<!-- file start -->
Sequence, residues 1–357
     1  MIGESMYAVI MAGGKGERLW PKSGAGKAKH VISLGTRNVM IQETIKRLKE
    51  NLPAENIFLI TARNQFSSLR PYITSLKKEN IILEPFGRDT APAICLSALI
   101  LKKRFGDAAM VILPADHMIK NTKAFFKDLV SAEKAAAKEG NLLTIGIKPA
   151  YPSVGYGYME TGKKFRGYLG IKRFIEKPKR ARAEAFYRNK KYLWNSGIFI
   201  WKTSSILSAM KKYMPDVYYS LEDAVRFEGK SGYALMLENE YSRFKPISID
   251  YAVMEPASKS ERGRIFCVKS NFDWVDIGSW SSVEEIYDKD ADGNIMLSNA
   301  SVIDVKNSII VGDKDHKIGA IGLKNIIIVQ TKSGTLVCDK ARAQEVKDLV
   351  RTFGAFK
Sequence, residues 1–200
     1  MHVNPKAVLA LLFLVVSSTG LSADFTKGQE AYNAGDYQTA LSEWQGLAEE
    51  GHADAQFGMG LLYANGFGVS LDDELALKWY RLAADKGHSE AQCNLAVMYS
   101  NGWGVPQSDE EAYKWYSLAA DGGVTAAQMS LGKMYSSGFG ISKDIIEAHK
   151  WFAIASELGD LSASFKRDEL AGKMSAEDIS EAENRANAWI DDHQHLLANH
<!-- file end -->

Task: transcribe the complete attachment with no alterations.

Sequence, residues 1–357
     1  MIGESMYAVI MAGGKGERLW PKSGAGKAKH VISLGTRNVM IQETIKRLKE
    51  NLPAENIFLI TARNQFSSLR PYITSLKKEN IILEPFGRDT APAICLSALI
   101  LKKRFGDAAM VILPADHMIK NTKAFFKDLV SAEKAAAKEG NLLTIGIKPA
   151  YPSVGYGYME TGKKFRGYLG IKRFIEKPKR ARAEAFYRNK KYLWNSGIFI
   201  WKTSSILSAM KKYMPDVYYS LEDAVRFEGK SGYALMLENE YSRFKPISID
   251  YAVMEPASKS ERGRIFCVKS NFDWVDIGSW SSVEEIYDKD ADGNIMLSNA
   301  SVIDVKNSII VGDKDHKIGA IGLKNIIIVQ TKSGTLVCDK ARAQEVKDLV
   351  RTFGAFK
Sequence, residues 1–200
     1  MHVNPKAVLA LLFLVVSSTG LSADFTKGQE AYNAGDYQTA LSEWQGLAEE
    51  GHADAQFGMG LLYANGFGVS LDDELALKWY RLAADKGHSE AQCNLAVMYS
   101  NGWGVPQSDE EAYKWYSLAA DGGVTAAQMS LGKMYSSGFG ISKDIIEAHK
   151  WFAIASELGD LSASFKRDEL AGKMSAEDIS EAENRANAWI DDHQHLLANH